I've read several resources in designing my application and one of them was the principle of least privilege in information security:
In information security, computer science, and other fields, the principle of least privilege, also known as the principle of minimal privilege or just least privilege, requires that in a particular abstraction layer of a computing environment, every module (such as a process, a user or a program on the basis of the layer we are considering) must be able to access only such information and resources that are necessary to its legitimate purpose.
With this in mind I decided that I require 3 distinct database users to access my database:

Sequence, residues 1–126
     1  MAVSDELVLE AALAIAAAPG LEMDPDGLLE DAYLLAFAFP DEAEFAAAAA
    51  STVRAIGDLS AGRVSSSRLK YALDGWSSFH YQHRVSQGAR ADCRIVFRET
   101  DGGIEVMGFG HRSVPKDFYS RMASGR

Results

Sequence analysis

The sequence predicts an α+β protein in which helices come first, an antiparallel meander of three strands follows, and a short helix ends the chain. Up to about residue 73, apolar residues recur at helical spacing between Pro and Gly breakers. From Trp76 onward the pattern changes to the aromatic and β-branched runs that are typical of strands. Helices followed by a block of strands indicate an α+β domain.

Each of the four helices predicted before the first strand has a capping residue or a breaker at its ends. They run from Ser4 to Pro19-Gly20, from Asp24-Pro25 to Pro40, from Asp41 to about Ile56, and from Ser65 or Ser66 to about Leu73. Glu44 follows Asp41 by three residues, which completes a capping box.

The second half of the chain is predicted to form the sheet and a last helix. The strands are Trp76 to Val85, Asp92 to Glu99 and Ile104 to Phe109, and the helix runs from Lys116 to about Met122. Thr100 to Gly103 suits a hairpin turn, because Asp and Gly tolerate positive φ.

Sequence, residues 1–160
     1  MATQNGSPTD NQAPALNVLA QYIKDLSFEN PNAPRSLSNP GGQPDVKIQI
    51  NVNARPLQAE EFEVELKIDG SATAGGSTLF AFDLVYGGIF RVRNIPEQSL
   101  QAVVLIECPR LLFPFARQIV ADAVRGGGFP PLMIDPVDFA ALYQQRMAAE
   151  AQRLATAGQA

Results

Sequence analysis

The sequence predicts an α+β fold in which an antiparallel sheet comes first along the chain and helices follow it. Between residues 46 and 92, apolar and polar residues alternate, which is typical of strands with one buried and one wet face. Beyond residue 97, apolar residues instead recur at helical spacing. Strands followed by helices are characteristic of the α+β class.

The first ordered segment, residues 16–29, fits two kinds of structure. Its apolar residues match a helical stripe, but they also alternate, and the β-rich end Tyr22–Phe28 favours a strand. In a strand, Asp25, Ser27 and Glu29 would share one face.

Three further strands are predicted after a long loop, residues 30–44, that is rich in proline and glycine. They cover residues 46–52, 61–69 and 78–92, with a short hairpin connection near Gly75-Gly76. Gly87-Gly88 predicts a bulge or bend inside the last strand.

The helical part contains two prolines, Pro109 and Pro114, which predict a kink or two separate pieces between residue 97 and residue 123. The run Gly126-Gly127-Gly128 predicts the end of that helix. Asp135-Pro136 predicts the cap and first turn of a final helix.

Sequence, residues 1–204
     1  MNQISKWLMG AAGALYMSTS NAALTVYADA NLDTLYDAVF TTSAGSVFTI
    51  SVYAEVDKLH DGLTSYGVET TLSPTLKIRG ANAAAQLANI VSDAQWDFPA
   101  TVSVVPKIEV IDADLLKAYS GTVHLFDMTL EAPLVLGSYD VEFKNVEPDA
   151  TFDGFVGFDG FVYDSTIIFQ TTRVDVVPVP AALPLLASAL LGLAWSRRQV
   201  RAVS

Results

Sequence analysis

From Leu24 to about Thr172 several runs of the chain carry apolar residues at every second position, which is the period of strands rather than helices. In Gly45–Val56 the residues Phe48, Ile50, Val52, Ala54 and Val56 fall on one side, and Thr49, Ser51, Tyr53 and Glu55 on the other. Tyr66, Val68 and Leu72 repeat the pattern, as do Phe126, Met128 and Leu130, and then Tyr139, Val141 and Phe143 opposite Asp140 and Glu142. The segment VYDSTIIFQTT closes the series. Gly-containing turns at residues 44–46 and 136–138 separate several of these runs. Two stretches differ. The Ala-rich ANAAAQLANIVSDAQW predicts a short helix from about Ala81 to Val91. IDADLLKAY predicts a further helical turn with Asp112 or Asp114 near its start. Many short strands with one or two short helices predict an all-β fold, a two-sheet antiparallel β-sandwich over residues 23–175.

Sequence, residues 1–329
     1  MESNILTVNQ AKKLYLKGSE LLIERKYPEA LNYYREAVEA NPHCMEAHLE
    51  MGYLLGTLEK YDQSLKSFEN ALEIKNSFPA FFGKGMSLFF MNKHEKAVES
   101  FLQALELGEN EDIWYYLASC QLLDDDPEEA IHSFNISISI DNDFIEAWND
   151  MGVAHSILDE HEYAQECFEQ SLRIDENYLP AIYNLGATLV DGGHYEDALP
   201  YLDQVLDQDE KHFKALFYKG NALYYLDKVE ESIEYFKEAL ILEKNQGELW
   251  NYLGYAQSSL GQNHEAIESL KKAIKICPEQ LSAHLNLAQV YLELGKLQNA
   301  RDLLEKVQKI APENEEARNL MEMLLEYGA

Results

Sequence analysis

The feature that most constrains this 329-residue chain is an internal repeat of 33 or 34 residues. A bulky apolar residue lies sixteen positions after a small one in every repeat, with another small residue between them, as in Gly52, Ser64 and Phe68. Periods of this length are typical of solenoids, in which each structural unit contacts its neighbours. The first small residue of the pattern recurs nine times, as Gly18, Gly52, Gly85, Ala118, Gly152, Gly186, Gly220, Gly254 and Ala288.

- Read only
- Volatile - Insert, update, delete
- Admin - lock, backup, alter
With Symfony it seems to me that it's designed with a single database user in mind and although it appears that it's possible to use multiple users/connections (http://symfony.com/doc/current/cookbook/doctrine/multiple_entity_managers.html) it also appears that this is not recommended as the standard practice:
Using multiple entity managers is pretty easy, but more advanced and not usually required. Be sure you actually need multiple entity managers before adding in this layer of complexity.
My questions then are:
- Am I making this more complicated that it needs to be?
- Does using a single database user make my Symfony less secure?
- Is the article I linked to the correct way to achieve the least privilege principle in Symfony?